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Sugar cane, cumin and orange grove crops were adapted in al-Andalus from the 10th century

The professor of Medieval History of the Universidad de Granada, Carmen Trillo San José, has asserted in her book “Water and landscape in Granada” that the first Monsoon plants of the Peninsula date from the 9th century, but the new agriculture only strengthened at the end of the 10th century. According to Carmen Trillo, “the southern coasts were the most favourable to adapt the alloctone species. In the kora of Elvira al-Razi mentions some of them, such as sugar, cumin and orange groves. Others plant which were known in the Antiquity, such as vines and mulberry trees, achieved a strong development in al-Andalus with the production of raisins and silk”.

In this 160-page book, there is documentation about the different hydraulic techniques that allowed the diffusion of the irrigation systems. Some of them have survived in our province until recent date, such as the shaduf, also known as jattara or cigüeñal, and blood wheels. They have also studied the application of these methods to obtain water to the rural environment, particularly in the Alpujarra, and also to the urban one, in the city of Granada.

For the professor of the Universidad de Granada, the present irrigated lands have often been extensions of the Andalusian ones; therefore, the landscape we see now has preserved in part an image of the past. “They were originally –she says—the choice of certain society to solve its needs of survival, although they soon generated a benefit that revealed in a sophisticated way of life, even from the present day viewpoint. Therefore, the traditional irrigation systems which have survived in many places of the old Nazari kingdom can not be just considered an economic activity but also a cultural heritage”.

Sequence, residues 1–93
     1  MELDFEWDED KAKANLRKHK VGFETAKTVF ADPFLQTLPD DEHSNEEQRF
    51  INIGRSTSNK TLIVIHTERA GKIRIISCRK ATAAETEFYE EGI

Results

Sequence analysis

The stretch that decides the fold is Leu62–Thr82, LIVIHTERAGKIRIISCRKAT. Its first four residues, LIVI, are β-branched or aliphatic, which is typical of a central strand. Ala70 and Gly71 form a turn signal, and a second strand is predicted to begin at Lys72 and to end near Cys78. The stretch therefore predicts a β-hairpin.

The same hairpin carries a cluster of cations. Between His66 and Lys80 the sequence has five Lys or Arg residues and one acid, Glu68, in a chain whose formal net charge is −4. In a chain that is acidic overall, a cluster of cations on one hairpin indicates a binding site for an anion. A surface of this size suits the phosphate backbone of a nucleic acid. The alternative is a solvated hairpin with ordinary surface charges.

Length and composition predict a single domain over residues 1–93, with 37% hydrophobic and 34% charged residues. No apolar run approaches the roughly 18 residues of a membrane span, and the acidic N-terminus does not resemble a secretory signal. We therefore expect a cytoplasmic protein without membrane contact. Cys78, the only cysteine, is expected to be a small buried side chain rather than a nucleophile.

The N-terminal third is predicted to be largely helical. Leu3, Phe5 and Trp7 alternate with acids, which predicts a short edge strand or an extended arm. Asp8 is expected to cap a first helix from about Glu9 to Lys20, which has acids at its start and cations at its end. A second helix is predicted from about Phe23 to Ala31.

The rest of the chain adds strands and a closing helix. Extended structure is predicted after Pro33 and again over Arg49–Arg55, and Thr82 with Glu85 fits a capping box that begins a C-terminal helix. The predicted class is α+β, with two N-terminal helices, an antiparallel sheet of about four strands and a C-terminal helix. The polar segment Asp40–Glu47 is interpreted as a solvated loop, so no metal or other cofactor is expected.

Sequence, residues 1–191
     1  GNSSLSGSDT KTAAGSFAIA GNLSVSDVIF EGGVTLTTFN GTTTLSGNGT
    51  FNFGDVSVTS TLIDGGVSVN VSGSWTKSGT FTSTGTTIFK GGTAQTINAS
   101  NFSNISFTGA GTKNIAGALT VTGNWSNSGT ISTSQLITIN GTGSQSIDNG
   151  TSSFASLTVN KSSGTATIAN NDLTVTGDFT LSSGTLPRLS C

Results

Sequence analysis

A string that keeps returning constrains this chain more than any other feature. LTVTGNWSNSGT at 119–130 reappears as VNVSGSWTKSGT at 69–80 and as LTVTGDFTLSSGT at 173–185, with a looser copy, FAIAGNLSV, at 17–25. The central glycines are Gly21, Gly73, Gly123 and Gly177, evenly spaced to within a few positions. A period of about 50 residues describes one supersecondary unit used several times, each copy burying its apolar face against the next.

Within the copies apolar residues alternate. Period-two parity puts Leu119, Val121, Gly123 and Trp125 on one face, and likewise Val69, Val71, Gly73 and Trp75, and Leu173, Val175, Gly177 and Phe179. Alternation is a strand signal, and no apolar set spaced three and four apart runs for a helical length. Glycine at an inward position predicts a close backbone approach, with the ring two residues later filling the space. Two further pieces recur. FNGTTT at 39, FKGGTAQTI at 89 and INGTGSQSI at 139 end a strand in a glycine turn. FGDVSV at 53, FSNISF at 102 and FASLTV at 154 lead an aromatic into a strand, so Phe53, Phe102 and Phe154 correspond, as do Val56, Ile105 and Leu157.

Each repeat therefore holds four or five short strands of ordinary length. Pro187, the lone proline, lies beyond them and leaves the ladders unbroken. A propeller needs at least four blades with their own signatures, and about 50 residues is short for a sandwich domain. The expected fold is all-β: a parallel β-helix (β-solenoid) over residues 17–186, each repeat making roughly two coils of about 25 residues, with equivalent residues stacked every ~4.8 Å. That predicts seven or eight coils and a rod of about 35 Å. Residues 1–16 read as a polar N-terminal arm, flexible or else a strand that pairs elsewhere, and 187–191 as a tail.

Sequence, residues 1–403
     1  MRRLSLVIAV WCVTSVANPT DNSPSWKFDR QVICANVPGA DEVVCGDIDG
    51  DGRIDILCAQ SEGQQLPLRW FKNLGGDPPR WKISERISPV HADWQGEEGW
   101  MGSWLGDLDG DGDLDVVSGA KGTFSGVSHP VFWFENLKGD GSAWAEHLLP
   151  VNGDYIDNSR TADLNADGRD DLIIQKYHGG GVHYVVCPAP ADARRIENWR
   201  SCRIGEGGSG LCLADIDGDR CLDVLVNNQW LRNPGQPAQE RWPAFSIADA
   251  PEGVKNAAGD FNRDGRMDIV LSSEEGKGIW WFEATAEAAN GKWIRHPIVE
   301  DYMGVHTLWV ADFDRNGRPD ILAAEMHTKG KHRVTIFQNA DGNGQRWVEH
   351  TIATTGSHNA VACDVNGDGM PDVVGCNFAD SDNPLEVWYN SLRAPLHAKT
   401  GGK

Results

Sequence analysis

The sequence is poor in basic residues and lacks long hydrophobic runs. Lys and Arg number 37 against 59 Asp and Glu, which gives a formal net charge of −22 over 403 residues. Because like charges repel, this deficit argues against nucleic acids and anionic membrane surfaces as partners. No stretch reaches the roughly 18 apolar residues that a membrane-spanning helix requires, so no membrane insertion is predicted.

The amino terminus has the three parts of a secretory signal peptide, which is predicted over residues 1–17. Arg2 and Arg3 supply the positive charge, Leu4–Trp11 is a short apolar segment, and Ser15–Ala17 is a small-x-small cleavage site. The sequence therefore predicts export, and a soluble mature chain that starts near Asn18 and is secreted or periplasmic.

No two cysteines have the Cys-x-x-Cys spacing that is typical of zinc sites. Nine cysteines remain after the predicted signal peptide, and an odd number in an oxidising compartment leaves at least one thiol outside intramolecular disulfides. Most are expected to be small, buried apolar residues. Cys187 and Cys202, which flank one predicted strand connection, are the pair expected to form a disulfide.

The book “Water and landscape in Granada. A heritage in al-Andalus” is a study of the irrigation lands in the Granada of the Middle Ages. The book analyses the historic roots of the irrigation systems of Granada which, according to the researcher and professor, “were more far away in space and time than we expected”.

According to Carmen Trillo “their origins were, as in the rest of al-Andalus, in the adaptations of plants carried out before the Islamic expansion, between the 5th and 7th centuries AD, in Mesopotamia. They came from more distant places such as the Asiatic southwest, Yemen and Africa and had been improved in India, between the 2nd and the 1st millennium BC. They were vegetal species which came from tropical and subtropical climate regions, used to grow under conditions of heat and humidity. They travelled with the Arabs in their conquests from East to West until they arrived to the Iberian Peninsula”. According to the book, which has just been published, these crops, like in other Mediterranean areas, “They needed –says Carmen Trillo—an artificial water contribution as they grew in summer, the driest season of the year. This is the reason for the great spreading of irrigation systems in al-Andalus, which does not mean that people would not use them in other periods. Naturally, the Romans were great hydraulic engineers, but they applied their techniques basically for urban supply, as big cities were the nodal point of the Empire from a political, economic and cultural viewpoint. However, agriculture had a low technological level, scarce profits, and it was necessary to own many lands to be rich. The main crops, the Mediterranean triad (cereal, olive tree and vine), came from the Mediterranean ecosystem and followed its climatic pace. They did not need irrigation, although when they applied it in the Islamic period, the profits improved significantly”.


Further information:
Carmen Trillo San José. Department of Medieval History and Historiographical Sciences and Techniques. Phone number: 958 243 653